The Kokopelli Trail and I have never gotten along particularly well. Putting that another way, it has handily destroyed me the past 3 times I've ridden it. The full trail runs approximately 135 from Moab, UT to Loma, CO with something like 17,000' of climbing, very little water, and no resupply. The varied terrain takes you up to the foot of the snowy peaks in the La Sal mountains, through rugged sandstone canyons, breezy desert mesas, and right down to the muddy Colorado River. For me, racing the trail has usually been a solitary experience due to a wise evening or midnight start time and the remote nature of the route.
My goal this year was to ride fast and feel good most of the time. Two years ago, I managed a 16-hour time during which I felt good for no more than 30 minutes. It was a pretty dang miserable day on the bike. This year, I also wanted to see how close to Dave Harris' very impressive 12:41 record I could come.
Eszter and I set off around 12:30 am from Moab and starting the climbing-heavy first 26 miles, which includes a 4000' climb immediately followed by a 2000' climb. The nearly-full moon shone down on me, glinting off my frame and rims. I turned off my light and was surrounded by the outlines of spectacular rock formations. Riding both climbs with just the light of the moon was absolutely spectacular. My head was enjoying things, my legs were feeling good as I floated up to 8000'. A turn onto pavement at that point marks a brief respite from the climbing - a 2000' paved descent. I turned my light on as bright as it goes and launched downhill. The cold air made me shiver, but I was too impatient to stop and put on any more clothing. I dove into the first set of switchbacks, and in middle of the second hairpin, I somehow horribly misjudged my speed and shot straight off the edge of the road, down an embankment, and into the woods! Miraculously, my bike and I were unscathed save a bruising a tree gave my elbow. I dragged my bike back up to the road and continued on, wide awake from adrenaline. That extra attentiveness helped me avoid hitting an elk a few turns later!
The early-morning hours of darkness flew by. I was making good time, my legs felt great, and the long, rough descents after all that initial climbing were a blast. I debated between riding my hardtail and my Spearfish, and I was very glad I had decided to go with the latter. I filled up two water bottles at the last reliable stream crossing that holds good water and pressed on. The first glimmer of light in the east excited me, and by the time I began the descent to the Colorado River at Dewey, the sun was about to pop up over the distant cliffs. That meant I was at least 90 minutes ahead of my pace from last time.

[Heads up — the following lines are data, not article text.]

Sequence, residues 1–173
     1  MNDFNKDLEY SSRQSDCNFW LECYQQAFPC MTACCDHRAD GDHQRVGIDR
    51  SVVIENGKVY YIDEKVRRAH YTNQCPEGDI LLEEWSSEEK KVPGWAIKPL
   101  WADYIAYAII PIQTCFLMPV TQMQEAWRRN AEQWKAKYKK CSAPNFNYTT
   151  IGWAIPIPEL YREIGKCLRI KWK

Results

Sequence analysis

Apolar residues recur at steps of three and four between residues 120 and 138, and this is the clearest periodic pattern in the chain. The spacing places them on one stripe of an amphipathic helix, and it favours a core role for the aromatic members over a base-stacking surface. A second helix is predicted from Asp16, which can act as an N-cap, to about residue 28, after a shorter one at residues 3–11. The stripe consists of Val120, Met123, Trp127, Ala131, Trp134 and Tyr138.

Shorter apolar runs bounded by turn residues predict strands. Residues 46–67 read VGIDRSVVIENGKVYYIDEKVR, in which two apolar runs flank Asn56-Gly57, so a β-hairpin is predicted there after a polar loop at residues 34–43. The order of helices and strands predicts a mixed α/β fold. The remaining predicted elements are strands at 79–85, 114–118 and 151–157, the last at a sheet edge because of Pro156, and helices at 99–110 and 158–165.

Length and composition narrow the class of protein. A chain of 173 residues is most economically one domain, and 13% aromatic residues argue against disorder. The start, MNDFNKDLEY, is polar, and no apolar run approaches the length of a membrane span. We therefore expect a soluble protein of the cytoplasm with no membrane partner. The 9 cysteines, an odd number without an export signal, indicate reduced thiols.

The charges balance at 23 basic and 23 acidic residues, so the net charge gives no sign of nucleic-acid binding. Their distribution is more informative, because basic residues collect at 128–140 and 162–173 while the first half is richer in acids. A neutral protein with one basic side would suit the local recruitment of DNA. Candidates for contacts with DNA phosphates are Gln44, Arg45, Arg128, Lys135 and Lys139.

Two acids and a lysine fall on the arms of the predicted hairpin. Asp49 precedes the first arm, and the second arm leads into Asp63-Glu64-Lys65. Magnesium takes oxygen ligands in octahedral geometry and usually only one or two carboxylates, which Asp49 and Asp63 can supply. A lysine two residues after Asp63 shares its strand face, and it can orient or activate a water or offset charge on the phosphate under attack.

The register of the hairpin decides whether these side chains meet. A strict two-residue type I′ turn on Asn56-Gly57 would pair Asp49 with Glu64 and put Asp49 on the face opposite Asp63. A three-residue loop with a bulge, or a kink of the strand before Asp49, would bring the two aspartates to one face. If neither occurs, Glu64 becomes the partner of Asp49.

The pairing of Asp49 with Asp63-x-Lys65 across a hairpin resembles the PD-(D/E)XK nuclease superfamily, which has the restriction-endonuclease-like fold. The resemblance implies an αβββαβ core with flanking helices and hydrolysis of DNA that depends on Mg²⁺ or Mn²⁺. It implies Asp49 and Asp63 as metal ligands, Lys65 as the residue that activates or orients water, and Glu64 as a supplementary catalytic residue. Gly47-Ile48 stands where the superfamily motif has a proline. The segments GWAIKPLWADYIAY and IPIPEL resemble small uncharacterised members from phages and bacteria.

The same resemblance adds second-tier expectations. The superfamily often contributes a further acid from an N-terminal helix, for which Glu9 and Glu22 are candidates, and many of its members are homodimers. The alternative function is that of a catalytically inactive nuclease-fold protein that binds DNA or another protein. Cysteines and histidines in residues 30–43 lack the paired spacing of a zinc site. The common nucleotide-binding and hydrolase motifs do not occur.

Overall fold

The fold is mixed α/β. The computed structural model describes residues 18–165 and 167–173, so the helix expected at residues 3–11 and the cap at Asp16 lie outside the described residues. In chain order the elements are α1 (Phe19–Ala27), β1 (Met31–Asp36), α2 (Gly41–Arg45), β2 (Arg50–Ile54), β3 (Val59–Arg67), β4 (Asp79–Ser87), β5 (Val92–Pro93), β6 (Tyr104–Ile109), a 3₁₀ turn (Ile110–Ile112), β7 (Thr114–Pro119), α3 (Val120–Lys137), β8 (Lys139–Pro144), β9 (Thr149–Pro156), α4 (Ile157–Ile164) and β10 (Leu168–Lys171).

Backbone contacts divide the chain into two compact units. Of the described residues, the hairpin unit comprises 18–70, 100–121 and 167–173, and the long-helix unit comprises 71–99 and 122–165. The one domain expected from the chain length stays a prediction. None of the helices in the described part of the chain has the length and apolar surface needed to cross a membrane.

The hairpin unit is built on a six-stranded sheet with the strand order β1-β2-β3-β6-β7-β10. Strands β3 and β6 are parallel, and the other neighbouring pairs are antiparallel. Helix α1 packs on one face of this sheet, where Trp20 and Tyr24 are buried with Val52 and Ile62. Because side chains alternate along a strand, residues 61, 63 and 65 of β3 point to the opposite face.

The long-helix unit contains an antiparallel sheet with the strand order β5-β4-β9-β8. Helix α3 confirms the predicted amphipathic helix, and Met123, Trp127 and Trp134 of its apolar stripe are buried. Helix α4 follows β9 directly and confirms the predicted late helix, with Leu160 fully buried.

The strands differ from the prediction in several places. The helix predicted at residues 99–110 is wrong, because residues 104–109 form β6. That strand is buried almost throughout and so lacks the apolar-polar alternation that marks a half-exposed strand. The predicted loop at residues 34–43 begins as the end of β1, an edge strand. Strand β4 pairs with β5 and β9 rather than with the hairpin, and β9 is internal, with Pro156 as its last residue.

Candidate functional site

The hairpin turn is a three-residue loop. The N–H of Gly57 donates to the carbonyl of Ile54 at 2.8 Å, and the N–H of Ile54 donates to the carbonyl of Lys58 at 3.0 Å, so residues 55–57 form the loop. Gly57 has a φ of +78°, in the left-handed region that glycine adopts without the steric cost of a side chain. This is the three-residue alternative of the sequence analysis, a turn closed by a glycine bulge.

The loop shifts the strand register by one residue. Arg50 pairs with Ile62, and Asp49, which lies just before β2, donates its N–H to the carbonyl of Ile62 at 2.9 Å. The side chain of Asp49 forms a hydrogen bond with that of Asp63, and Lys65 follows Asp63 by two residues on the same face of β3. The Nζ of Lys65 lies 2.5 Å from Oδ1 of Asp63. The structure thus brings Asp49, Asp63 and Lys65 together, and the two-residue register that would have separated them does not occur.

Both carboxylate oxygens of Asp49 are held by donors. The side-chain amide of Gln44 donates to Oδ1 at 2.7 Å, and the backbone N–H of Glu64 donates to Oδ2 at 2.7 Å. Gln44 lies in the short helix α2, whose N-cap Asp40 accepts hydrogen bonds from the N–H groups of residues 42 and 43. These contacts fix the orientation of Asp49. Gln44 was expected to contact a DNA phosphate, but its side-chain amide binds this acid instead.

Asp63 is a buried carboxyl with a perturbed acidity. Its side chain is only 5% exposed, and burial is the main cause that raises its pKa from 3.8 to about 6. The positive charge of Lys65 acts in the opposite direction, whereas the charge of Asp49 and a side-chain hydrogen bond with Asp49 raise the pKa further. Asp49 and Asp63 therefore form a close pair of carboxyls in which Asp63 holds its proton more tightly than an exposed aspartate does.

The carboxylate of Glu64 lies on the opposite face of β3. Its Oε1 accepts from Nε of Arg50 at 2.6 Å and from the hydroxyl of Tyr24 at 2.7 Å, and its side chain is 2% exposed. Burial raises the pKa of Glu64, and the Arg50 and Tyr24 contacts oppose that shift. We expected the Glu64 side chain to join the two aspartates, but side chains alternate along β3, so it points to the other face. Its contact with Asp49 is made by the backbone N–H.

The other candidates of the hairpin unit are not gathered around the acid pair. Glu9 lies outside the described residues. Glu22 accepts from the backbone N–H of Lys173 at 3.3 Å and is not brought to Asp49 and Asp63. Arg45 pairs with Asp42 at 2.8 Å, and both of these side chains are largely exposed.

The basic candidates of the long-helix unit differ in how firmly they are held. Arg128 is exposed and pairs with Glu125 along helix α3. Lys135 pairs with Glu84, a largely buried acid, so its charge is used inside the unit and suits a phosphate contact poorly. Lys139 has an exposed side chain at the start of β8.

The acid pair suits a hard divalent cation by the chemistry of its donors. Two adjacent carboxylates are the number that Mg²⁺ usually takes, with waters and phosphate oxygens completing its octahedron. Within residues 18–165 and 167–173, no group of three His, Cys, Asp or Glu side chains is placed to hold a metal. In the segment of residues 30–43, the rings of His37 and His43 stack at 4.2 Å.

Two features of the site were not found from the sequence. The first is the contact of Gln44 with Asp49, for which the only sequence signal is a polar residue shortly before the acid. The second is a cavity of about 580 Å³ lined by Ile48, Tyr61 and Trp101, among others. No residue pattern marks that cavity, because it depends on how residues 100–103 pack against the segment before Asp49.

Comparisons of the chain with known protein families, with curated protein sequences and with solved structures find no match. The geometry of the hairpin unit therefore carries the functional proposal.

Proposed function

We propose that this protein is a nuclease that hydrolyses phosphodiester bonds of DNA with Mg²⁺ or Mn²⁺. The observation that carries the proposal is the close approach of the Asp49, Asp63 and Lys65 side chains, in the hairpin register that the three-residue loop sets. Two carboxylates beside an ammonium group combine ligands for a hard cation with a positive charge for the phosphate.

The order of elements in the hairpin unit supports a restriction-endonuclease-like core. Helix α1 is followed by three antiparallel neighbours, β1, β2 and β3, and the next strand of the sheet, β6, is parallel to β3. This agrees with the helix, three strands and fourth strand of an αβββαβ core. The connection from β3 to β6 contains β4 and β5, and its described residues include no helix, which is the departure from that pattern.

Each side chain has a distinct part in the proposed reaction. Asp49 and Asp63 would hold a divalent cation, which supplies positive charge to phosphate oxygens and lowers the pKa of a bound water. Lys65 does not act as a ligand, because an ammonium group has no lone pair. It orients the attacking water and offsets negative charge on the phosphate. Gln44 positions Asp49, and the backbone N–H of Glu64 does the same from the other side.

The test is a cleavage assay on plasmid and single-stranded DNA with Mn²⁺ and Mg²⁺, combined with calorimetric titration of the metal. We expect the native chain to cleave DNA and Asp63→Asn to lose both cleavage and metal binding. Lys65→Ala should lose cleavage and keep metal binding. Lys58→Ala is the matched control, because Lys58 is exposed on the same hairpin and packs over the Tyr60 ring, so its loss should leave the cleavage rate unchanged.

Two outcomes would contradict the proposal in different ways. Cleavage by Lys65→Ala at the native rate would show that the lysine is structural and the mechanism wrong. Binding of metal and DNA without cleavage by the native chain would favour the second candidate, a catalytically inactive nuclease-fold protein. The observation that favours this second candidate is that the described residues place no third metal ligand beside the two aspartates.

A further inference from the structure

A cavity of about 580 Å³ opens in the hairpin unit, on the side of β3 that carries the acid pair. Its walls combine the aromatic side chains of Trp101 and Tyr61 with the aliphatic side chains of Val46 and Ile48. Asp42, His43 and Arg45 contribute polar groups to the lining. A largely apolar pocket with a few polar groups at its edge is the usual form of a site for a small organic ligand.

I don't particularly enjoy much of the second half of the Kokopelli. It's dry desert, a mix of rocky mesas and sandy 2-tracks, and the technical singletrack at the end is frustratingly slow and difficult after 120+ miles. My arms were starting to ache, and fatigue was beginning to settle into my legs. I forced myself to keep eating, but after being ravenously hungry for the first 5 hours, I was actually a bit worried about having enough food to get to the end. My water supply seemed good, and I knew that I'd grab a bit extra thick, brown water from the river in a couple hour just in case I'd need it.
The next few hours passed by uneventfully. An aggravating headwind persisted despite a weather forecast that suggested that there would be a tailwind there. My knee started to ache a bit, and my stomach stopped wanting food. I arrived in Rabbit Valley, ~2.5 hours from the end, and a minor meltdown ensued. My legs suddenly had no power, the mid-morning heat was already starting to get to me, and I was dreading the last part of the course. Dave's record, which previously had seemed to be just within reach, slipped away. I glanced back to the southeast and half expected to see Eszter closing in on me. I crammed down 250 calories of sugar and hoped for the best. My legs gradually gained some strength, and soon I found myself at the rocky, rutted, steep descent to Salt Creek. Skittering down it brought a smile back to my face, but the subsequent hike-a-bike sections stole it right back away.
I muddled my way through the last 8 miles of singletrack at a pathetic pace. I recalled suffering like a dog on these same trails last year during my first running race and was glad I could at least coast on the short descents. The area was crawling with other cyclists this time around, and seeing all those people was a bit of a shock after spending the rest of the ride alone with just the scenery and my thoughts. Minutes ticked by...the prospect of a 13-hours finish came and went. I pressed on, finally reached the last climb, coasted down the backside to the parking lot, and finished in 13:25 (managed to keep the stopped time to only 20 minutes!).
After running out of water a few miles from the end, all I could think about was a cold, sugary beverage. Lucky for me, Caroline had finished up her bikepacking trip in Moab and had just the ticket waiting for me in the car. Muscles on the verge of cramping, I lounged uncomfortably in the shade of the car, amazed at how horrible my body felt upon finishing. Eszter came in with a very fast time of 15:25 and was also very happy to be done. We both agreed (and hoped!) that the Kokopelli will be out of our systems for a while.